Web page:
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Due to some deployment issues I stopped tracking schema.rb in git. Somehow I have stuffed this up and somewhere along the way my schema.rb file has disappeared.

Is there a way of regenerating schema.rb from the database or from the migrations? I would prefer not to lose the existing data.

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5 Answers 5

up vote 67 down vote accepted

If you run a rake -T it will list all possible rake tasks for your Rails project. One of them is db:schema:dump which will recreate the schema.rb for the Rails app.

bundle exec rake db:schema:dump
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Great thanks, many answers but looks like you were first (just) so tick for you. Just curious, does this generate the schema from the database itself or from the migrations? –  brad Mar 16 '12 at 4:03
3  
From the database itself, so be careful if there are changes that happened outside of the migrations. –  mguymon Mar 16 '12 at 4:08
rake db:schema:dump

I think this is still valid in Rails 3 - it regenerates the schema.rb from the database.

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Careful,

rake db:schema:dump

will dump the current DB schema FROM the DB. This means that if you made any changes to your migrations, they will NOT be reflected in schema.rb file which is not what you want IMO.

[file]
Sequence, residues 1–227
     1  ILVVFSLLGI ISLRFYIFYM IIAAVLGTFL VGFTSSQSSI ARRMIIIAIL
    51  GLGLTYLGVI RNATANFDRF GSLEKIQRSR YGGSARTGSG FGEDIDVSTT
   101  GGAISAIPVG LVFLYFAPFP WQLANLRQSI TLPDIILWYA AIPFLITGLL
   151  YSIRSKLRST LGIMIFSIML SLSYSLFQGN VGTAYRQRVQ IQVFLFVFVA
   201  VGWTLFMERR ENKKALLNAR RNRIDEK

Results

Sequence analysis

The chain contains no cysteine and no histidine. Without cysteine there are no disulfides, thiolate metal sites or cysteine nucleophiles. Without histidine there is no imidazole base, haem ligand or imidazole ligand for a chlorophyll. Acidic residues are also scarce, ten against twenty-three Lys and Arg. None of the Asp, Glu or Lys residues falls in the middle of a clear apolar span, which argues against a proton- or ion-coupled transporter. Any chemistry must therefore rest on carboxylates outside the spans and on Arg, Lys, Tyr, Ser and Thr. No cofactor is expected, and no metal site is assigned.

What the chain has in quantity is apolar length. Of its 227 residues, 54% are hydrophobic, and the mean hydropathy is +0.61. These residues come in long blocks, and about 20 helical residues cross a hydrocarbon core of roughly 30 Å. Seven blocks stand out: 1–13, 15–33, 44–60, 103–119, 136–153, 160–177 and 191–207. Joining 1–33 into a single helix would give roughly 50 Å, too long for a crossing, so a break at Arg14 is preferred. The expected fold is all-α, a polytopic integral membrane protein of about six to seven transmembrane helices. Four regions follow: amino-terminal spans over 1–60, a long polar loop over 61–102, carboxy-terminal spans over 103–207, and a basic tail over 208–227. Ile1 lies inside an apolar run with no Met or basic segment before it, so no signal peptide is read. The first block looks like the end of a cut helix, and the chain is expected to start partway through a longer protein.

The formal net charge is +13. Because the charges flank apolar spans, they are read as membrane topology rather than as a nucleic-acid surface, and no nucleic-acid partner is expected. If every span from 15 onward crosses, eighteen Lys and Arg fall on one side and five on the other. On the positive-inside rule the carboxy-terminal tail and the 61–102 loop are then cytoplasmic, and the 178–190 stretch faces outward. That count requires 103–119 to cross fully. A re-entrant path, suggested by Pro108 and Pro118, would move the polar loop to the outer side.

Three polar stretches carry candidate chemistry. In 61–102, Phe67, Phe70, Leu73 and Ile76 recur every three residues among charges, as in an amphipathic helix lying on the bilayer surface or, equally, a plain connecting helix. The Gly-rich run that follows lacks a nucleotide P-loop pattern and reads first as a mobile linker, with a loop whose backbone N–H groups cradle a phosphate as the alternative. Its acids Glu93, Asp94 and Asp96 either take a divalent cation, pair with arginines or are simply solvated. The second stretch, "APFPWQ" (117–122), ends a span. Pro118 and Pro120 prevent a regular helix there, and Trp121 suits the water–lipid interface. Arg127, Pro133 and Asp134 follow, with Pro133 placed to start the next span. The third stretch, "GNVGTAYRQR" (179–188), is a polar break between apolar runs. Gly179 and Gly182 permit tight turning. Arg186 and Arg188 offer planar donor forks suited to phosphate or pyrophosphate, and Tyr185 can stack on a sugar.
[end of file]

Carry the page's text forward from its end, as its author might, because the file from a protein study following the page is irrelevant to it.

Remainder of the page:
If you want to re-create the schema from the migrations, do the following:

rake db:drop  # ERASE THE DATABASE !!!! 
rake db:migrate
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That would result in loss of data, which the OP said they wanted to avoid. Additionally, as Colin points out, regenerating the database purely from the migrations is potentially a very bad idea because of the increased possibility of running in to odd dependency issues (generally speaking). If there are pending migrations, it would likely be best to run those last migrations on the development machine, and then run the rake db:schema:dump command. –  Paul Richter Sep 10 '14 at 15:26
    
Every canvas is clearly explained in my answer. I've got bitten EXACTLY by running only schema:dump and not getting a clean schema. The OP is talking about tracking the schema in a CVS. I would like to have my schema aligned with my definitions in my migrations and not an obsolete version from a production DB or an old development DB –  gamov Sep 11 '14 at 3:50

If you regenerate schema.rb locally, you should be alright. It simply holds a representation of the structure of your database tables. The data itself is not contained in this file.

To regenerate your schema.rb file, run:

bundle exec rake db:schema:dump

Then simply commit the new schema.rb file and you should be in good shape!

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Directly from the schema.rb file itself:

If you need to create the application database on another system, you should be using db:schema:load, not running all the migrations from scratch. The latter is a flawed and unsustainable approach (the more migrations you'll amass, the slower it'll run and the greater likelihood for issues).

So do NOT do the suggestion of rake db:migrate, which was suggested in the (currently) lowest rated answer.

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You would probably want to run the last few pending migrations if there are any on your development machine before regenerating the schema, but yes regenerating the database purely from the migrations is a very bad idea, especially since that would result in loss of data. –  Paul Richter Sep 10 '14 at 15:23

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